Chet Helck, COO of RJFS’ parent firm Raymond James Financial, is one of several executives who makes sure these “to do” lists get done. He is emphasizing several Raymond James’ strategies for 2008, including cash management services and accounts, in his meetings with FAs and on the job.
“As baby boomers retire and become responsible for creating income, we have to have the tools and mechanisms that can make that easy and compatible with our other forms of service,” he shares. “These accounts are for retirees to use as their income gets distributed, and this entails services like bill paying. We want to make their financial lives as convenient to manage as possible. And our advice, the focal point of that advice, should be on core capital — on creating income and making it last, rather than the logistics affecting that capital.”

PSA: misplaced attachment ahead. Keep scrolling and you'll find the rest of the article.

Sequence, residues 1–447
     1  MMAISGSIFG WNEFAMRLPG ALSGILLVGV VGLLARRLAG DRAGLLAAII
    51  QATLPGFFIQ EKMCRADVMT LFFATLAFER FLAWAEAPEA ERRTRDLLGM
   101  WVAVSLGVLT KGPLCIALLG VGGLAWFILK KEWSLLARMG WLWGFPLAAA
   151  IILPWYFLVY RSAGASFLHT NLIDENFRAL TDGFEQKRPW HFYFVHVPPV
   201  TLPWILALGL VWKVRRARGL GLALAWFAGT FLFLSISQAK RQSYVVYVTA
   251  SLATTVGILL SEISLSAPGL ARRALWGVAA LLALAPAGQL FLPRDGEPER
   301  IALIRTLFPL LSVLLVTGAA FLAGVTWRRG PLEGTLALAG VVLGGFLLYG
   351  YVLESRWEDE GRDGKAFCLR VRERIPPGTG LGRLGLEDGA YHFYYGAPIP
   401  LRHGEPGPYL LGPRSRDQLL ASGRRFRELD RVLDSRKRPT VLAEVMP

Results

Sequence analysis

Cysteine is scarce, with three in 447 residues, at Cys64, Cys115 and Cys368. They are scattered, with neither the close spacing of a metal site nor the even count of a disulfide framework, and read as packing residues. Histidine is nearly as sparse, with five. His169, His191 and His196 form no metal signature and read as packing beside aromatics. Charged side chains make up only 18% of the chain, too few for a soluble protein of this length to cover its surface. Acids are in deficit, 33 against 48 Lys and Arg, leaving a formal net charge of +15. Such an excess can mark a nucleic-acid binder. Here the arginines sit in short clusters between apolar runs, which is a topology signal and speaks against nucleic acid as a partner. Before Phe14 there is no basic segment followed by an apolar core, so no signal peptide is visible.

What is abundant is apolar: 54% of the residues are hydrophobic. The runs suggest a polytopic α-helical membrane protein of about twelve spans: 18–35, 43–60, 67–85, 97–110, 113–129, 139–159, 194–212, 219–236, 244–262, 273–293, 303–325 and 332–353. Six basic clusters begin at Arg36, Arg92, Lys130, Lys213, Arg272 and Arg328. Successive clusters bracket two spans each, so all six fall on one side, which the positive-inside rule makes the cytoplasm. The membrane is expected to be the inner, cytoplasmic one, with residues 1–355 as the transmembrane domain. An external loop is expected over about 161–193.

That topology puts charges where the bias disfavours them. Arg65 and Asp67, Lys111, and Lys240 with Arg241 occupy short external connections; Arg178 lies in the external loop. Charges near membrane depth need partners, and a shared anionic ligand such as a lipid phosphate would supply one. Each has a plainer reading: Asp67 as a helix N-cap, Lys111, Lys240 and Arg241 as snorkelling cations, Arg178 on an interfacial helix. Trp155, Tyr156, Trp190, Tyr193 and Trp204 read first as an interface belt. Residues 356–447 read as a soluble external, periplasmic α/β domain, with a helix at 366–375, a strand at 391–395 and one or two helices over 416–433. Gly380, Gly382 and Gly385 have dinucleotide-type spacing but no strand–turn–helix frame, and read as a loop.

While some advisors might see this work as similar to that of a bank, that’s no longer the case, Helck says. “Things have changed, and we need to be responsible for helping clients with the entire set of variables, including cash management services and accounts.”
Beyond accounts, Raymond James is focused on “recalibrating the way our entire back office is structured to focus on relationships,” according to Helck. While computer systems are account-centric, FAs “know clients as relationships, and we need systems like this, which are centered on customers. We are really focused on doing this. Not just IT — it’s a strategy for the whole business and will require that we re-design everything we do.”
Helck acknowledges that entering “the new world of relationship management” won’t be easy. “But we have to position FAs to deal with a client in ways that best make sense for them,” he explains.
A key component of this transition, the database, is being rolled out in early 2008. “We’re building this in layers,” says Helck. “And you can’t buy this at CompUSA,” he quips.